I didn't even want to get involved in this type of conversation because it is one that stirs up lots of opinions in all of us....but I wanted to point out to you that some public schools (unfortunately my son's school is one of them) no longer allows any type of celebration for any holiday except Valentine's Day, the kids are allowed to pass out valentine's day cards and candy but they have to be all the same and not addressed to anyone in particular (so no ones' feeling gets hurt).

They do absolutely nothing for Halloween and kids are banned from wearing costumes to school, any party they may be allowed to have (it is up to the teacher) before "winter break" (this used to be called Christmas vacation) is called a "winter celebration" (once a Christmas party)...etc, etc!

It is all very "neutral and safe" and very politically correct...so there will be no discussions of God and his grace, in any form BUT your daughter will not be taught anything anti-God/anti-religion either...there is no place for God in the public school system.

When I was growing up we had all the parties and celebrations, heck we even celebrated Cinco de Mayo...can you tell I grew up In LA!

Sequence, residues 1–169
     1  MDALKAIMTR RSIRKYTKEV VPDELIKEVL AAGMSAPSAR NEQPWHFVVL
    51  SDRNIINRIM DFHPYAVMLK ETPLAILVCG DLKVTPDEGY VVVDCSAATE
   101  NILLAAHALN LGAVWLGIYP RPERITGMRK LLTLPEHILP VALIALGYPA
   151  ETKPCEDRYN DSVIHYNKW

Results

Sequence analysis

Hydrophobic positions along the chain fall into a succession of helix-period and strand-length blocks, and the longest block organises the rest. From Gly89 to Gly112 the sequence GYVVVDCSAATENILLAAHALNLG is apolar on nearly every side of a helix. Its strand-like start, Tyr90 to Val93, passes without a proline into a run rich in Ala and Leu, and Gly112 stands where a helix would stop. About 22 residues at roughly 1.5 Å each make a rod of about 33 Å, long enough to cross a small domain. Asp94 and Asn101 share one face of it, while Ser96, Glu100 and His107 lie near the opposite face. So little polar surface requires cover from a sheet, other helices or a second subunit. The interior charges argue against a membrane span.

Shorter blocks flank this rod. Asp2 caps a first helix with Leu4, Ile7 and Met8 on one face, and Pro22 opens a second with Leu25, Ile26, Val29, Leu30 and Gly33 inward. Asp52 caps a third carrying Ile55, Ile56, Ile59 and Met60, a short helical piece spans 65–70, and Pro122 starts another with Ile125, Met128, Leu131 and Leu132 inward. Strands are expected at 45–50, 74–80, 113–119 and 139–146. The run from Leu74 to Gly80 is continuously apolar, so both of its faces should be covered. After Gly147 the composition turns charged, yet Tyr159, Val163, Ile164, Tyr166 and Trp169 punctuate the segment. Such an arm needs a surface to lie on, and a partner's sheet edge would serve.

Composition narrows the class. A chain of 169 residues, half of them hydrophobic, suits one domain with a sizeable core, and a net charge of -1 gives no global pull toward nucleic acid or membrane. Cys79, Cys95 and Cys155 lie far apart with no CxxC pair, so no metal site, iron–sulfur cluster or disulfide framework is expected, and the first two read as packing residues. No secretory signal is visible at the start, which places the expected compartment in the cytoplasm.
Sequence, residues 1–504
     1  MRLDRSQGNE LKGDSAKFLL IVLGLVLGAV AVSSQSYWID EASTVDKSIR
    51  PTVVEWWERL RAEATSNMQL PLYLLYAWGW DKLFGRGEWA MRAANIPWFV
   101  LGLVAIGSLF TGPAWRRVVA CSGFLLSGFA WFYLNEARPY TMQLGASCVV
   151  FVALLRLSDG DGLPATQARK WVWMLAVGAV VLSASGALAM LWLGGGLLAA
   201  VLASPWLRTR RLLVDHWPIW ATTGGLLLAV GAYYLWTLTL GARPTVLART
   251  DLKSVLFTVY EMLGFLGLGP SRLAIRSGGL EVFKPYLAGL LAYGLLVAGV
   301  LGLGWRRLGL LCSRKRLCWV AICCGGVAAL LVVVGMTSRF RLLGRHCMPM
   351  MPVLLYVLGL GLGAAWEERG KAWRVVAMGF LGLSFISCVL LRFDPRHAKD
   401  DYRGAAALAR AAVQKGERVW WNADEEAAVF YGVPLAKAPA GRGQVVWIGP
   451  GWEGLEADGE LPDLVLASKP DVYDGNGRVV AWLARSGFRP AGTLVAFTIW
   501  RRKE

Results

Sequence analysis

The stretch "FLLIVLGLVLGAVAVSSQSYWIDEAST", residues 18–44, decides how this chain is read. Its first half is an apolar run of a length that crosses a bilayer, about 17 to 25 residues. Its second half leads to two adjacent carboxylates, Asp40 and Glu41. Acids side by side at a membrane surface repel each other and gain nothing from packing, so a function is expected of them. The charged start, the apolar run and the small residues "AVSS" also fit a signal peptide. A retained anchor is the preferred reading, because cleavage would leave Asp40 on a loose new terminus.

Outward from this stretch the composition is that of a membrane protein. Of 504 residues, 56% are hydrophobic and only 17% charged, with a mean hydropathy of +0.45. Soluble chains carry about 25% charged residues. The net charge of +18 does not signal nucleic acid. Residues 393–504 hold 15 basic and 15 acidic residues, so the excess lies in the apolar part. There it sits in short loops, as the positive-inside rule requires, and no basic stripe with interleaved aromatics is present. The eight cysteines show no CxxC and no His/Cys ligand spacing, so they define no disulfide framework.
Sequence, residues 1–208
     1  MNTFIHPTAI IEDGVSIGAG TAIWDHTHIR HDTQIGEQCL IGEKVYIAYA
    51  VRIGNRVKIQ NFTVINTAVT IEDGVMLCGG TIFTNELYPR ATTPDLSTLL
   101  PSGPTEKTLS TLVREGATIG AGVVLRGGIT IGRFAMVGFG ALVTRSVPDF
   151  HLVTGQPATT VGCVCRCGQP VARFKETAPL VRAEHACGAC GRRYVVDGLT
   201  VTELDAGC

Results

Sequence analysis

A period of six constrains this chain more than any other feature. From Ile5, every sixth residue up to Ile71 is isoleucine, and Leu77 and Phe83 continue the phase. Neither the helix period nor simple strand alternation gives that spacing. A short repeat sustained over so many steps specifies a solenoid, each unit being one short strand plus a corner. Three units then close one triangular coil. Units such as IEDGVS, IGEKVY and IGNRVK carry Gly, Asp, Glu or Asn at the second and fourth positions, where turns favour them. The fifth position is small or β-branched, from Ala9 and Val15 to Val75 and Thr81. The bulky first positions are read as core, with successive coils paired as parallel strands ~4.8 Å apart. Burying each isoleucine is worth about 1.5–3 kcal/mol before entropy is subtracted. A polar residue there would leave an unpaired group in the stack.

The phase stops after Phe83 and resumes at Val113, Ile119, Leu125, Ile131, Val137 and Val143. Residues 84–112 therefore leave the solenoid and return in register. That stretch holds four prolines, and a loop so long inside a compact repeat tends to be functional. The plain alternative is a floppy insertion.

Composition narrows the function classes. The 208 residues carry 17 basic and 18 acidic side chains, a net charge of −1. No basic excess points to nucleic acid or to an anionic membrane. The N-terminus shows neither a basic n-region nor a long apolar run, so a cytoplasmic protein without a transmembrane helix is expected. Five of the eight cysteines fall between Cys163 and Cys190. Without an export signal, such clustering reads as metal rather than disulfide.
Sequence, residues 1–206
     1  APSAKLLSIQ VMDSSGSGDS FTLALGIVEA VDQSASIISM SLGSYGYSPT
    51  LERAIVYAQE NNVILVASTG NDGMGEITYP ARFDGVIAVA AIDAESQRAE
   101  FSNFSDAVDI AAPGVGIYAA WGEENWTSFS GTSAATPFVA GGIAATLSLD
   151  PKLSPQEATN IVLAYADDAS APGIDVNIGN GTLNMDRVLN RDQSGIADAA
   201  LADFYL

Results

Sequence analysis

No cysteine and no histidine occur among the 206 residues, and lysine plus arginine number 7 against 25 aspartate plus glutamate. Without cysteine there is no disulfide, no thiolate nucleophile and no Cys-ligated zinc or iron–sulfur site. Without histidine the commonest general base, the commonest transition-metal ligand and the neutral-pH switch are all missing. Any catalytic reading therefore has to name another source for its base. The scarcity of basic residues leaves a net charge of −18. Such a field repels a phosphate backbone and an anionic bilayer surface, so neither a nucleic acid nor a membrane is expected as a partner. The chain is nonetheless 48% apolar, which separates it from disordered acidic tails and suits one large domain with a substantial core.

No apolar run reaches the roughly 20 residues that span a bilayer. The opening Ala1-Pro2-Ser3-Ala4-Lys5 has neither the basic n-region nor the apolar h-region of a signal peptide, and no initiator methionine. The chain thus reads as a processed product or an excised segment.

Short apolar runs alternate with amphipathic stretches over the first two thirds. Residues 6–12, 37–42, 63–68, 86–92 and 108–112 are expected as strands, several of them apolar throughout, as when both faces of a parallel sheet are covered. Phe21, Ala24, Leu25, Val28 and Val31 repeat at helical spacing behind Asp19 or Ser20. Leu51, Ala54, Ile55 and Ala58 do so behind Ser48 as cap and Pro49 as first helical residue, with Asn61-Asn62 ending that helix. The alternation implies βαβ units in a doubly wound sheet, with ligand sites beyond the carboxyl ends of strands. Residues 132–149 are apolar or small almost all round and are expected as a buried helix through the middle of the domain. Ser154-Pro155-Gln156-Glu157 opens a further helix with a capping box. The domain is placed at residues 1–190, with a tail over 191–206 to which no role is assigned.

I second the person who said look into "financial aid" or what not at the private school you are interested in....as well as the woman who said it would have been better to "educate" about all religions but practice none, that would have been better than taking them all away! IMHO

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answers from Chicago on

Public school teachers are not allowed to teach anything resembling religion. However having said that they do have what in our district is called the Character Counts program. basically how it works is there are 6 pillers
Trustworthiness, Respect, Responsibility, Fairness, Caring, Citizenship. Kids are taught basic manners and empathy, how to work together etc.... It is a wonderful program.